This year, for example, Governor Snyder of Michigan committed to putting $65 million more into the state program to ensure children in need of preschool have access to it. He said that he was going to make Michigan "a no-wait state for early childhood education." We need to help every state to be able to make that claim.

That's why the President's request for $500 million for Preschool Development Grants, and $75 billion in mandatory funding for the Preschool for All program are so essential to our nation's future. They would support State efforts to provide access to high-quality preschool through a mixed-delivery system—including both public and private providers—for all four-year olds from low- and moderate-income families.

It's very encouraging that such a diverse, highly unusual coalition is working together to support these efforts. State attorneys, sheriffs, and police associations support high-quality early learning because it reduces crime when kids grow up.

Military leaders support it because a staggering three-fourths of young adults today are not able to serve in our voluntary military because they have dropped out of high school, can't pass the entrance exam, are physically unfit for service, or have a criminal record. High-quality early learning reduces all of those problems. Our military has always been our strongest defense; our education system must now be our strongest offense.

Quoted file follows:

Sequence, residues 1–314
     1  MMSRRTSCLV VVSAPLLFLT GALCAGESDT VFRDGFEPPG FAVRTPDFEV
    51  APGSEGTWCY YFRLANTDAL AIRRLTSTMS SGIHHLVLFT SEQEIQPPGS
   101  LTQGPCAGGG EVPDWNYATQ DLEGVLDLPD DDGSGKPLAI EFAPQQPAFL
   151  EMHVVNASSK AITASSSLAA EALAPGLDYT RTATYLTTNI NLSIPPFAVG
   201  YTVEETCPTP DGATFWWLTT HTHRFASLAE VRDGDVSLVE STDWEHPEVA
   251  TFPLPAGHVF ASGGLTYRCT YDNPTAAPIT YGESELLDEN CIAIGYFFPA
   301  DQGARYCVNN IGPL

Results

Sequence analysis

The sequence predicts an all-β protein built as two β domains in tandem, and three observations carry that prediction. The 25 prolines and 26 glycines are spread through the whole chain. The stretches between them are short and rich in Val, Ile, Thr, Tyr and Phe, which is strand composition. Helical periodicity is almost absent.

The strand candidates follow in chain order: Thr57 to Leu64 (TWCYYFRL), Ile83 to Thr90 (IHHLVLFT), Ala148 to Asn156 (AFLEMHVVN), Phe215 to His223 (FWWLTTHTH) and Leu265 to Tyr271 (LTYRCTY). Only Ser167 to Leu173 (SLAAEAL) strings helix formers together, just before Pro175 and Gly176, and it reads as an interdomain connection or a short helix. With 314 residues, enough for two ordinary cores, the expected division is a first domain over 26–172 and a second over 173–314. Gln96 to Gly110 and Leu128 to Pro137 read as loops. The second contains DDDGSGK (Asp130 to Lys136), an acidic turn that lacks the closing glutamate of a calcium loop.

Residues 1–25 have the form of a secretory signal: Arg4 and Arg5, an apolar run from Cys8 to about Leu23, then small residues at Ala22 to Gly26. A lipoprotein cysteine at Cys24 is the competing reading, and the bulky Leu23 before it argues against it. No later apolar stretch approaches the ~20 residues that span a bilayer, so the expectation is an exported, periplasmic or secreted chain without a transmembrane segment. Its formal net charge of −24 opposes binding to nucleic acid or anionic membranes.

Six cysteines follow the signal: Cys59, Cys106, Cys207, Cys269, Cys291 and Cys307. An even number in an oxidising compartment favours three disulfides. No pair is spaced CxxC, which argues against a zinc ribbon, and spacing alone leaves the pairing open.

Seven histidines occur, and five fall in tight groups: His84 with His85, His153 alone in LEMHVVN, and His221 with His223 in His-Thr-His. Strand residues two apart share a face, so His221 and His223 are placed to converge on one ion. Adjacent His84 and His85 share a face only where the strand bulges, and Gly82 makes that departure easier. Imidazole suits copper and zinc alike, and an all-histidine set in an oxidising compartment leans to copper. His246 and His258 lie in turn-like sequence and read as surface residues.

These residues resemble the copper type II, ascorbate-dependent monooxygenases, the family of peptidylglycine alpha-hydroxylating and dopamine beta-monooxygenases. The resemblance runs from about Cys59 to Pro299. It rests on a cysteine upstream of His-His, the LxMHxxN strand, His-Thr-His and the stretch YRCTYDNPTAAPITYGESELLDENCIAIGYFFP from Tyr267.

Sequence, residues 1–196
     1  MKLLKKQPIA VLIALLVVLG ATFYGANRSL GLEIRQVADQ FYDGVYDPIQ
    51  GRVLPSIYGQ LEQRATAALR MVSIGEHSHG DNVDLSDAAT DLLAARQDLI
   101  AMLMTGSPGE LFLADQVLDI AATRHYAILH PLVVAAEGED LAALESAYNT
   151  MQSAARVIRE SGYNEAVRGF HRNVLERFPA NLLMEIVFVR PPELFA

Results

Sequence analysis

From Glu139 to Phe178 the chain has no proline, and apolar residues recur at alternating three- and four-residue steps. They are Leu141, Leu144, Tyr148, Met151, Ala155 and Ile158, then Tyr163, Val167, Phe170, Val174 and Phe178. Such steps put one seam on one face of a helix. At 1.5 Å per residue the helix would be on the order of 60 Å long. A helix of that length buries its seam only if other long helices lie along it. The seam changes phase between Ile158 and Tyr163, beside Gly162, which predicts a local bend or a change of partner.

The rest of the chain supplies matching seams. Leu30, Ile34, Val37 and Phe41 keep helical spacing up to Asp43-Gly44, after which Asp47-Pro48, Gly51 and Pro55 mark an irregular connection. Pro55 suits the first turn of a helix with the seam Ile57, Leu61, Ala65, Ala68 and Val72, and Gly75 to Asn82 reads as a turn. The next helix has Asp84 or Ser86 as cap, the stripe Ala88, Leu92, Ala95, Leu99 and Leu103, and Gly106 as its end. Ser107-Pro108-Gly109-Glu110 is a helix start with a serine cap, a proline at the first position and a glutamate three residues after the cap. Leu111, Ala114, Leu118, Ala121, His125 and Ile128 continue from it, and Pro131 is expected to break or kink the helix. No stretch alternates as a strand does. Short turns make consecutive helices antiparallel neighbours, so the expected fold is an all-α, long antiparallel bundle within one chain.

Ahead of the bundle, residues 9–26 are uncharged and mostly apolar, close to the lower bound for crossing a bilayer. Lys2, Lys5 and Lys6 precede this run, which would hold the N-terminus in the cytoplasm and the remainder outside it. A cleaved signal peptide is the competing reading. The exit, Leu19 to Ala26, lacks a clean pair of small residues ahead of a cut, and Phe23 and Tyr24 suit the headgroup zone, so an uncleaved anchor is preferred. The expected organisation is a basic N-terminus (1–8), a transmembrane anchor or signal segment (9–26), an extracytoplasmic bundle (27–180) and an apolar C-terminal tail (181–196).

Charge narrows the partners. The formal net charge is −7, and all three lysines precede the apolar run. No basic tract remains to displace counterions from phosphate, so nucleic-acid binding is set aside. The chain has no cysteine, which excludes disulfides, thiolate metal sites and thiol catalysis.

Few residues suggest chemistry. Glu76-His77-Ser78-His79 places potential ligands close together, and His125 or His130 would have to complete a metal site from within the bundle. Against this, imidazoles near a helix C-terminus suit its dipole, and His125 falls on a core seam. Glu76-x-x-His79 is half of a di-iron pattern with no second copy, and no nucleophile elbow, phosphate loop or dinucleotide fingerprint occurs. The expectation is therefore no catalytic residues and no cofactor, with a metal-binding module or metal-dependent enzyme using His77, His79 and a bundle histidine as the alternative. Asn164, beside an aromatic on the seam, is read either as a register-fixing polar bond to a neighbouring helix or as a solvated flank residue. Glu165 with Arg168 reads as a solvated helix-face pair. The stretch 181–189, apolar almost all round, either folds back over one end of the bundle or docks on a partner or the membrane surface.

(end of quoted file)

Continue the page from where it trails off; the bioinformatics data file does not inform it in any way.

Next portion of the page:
In addition, hundreds of hard-headed business leaders and CEOs are big advocates because they know high-quality early learning produces a better workforce, and has a high ROI, or return on investment.

In fact, Nobel-prize winning economist James Heckman found a return of seven dollars to every one dollar of public investment in high-quality preschool programs. How many other uses of taxpayer dollars have such a high rate of return for the American people?